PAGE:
3. For each program you are interested in, call to find out where and when you can fill out an application. Some applications can be done by mail. If you must visit a program in order to fill out an application, ask what documents you should bring with you.

Monitoring / Discussion:

Q: Do any of the programs that we have discussed sound as if they might be of benefit to you?

Q: What might stop you from applying for them?

Q: I’d like to do a little bit of practice with you on filling out applications for programs. Let’s pick out one of the applications, I’ll give each of you a copy, and we can each fill one out as part of a group project. Which one would the group like to try out?

Modeling:

  1. The group should select an application for one program to be and Guided Practice filled out during the activity. This will vary depending upon each individual group's needs and income levels. If Learners have no preference, Facilitator can guide this practice by selecting the application for the program he/she thinks is most likely to accept most or all of the Learners as qualifying for assistance. Consideration should also be given to the length of each application compared to the amount of time left in which the lesson must be finished.
  2. After the application for the group to complete together during this lesson is selected, Facilitator passes out application, clipboard and pens. Facilitator leads Learners through the application, with group discussion on items as need arises.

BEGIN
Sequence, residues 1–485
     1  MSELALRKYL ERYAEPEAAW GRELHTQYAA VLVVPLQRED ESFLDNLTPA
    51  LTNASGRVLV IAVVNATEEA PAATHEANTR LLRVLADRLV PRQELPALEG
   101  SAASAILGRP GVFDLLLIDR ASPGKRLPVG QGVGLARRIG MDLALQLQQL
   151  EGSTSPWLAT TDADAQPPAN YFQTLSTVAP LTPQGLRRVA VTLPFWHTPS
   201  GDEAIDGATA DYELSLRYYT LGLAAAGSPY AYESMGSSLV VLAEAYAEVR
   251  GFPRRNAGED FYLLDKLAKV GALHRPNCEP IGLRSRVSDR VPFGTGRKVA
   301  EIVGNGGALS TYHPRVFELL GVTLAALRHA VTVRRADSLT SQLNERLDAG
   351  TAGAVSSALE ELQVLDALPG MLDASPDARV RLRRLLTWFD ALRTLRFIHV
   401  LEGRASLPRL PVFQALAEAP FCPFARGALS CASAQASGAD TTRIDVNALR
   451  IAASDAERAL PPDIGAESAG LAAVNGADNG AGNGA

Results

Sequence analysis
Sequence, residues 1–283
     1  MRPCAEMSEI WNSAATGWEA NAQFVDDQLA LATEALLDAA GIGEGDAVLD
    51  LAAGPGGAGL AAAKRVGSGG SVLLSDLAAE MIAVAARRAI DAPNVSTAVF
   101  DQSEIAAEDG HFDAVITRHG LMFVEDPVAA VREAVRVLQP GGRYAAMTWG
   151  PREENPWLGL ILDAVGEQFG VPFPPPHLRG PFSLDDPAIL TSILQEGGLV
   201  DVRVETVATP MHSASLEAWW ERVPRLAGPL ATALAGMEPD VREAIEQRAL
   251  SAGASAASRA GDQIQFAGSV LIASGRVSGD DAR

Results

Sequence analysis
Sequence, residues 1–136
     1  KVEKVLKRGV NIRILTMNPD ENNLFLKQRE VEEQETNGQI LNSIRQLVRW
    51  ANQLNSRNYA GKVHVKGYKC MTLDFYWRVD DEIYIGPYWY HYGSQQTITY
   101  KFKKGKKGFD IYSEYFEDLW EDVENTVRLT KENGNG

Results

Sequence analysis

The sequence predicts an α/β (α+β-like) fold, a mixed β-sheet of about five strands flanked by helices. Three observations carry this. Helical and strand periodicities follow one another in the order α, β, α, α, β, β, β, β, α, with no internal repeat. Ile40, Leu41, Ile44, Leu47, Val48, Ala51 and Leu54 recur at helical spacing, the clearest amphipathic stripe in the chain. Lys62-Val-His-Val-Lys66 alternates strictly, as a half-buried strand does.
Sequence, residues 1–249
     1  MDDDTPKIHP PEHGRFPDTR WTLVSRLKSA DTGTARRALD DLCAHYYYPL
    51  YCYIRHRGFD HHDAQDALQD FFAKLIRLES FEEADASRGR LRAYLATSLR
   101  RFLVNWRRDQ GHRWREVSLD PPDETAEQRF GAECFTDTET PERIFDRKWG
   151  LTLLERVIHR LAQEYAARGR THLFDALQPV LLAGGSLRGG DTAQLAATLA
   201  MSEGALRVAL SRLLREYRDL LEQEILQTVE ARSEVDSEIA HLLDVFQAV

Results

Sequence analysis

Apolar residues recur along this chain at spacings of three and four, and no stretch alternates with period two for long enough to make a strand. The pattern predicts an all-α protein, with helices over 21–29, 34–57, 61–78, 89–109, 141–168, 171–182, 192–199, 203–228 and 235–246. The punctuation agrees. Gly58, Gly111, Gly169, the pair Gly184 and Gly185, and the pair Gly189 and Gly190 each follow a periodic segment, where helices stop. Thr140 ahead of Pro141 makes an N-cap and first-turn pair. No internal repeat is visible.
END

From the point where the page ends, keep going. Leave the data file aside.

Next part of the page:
3. Facilitator will have brought enough applications for each Learner to have one for each program, which the Learner can then take home. Facilitator passes these out after the group practice application is completed. If applicable, suggest that Learners get together outside of lesson time to help each other complete as many applications as they wish to pursue. Further questions about applications can be brought to the Facilitator at the next meeting if desired.

As an alternative, if there is not enough time for the group to fill out a group application, step 3 alone can be followed or the guest speaker may offer a presentation at this time.

Independent Practice:

This can be done at any time during the lesson. It seems to work better when it is not done in the rush at the end of a meeting. "I’d like for each of us to select at least one idea, from what we're learning, to try out this week. Let’s choose something easy to experiment with. Next week we can all compare our experiences and see what worked and what didn't."

Closure/ Transition:

Look at next week’s lesson plan for: “Set up at previous meeting.”

It begins: “Next week, we will be exploring . . ..”